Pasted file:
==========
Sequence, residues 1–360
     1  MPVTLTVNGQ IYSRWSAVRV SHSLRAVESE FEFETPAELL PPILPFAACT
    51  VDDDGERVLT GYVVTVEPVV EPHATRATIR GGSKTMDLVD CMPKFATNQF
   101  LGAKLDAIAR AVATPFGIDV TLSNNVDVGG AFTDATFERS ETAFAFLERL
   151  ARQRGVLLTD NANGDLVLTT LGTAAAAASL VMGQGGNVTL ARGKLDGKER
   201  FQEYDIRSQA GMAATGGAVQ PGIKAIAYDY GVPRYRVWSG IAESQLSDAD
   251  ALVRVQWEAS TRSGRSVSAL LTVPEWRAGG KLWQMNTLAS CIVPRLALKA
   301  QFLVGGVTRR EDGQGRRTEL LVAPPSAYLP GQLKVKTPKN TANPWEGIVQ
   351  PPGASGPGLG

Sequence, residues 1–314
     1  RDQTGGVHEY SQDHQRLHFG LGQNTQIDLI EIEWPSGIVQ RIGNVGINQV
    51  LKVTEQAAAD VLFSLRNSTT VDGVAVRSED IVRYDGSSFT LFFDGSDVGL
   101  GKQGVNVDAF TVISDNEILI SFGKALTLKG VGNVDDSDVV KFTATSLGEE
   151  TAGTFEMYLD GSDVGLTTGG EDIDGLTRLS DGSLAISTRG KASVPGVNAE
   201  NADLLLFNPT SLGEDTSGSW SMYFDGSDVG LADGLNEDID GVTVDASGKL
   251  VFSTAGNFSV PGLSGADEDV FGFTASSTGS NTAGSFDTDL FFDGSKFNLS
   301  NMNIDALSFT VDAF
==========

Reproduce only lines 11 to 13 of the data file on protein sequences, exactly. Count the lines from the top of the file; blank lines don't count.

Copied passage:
     1  RDQTGGVHEY SQDHQRLHFG LGQNTQIDLI EIEWPSGIVQ RIGNVGINQV
    51  LKVTEQAAAD VLFSLRNSTT VDGVAVRSED IVRYDGSSFT LFFDGSDVGL
   101  GKQGVNVDAF TVISDNEILI SFGKALTLKG VGNVDDSDVV KFTATSLGEE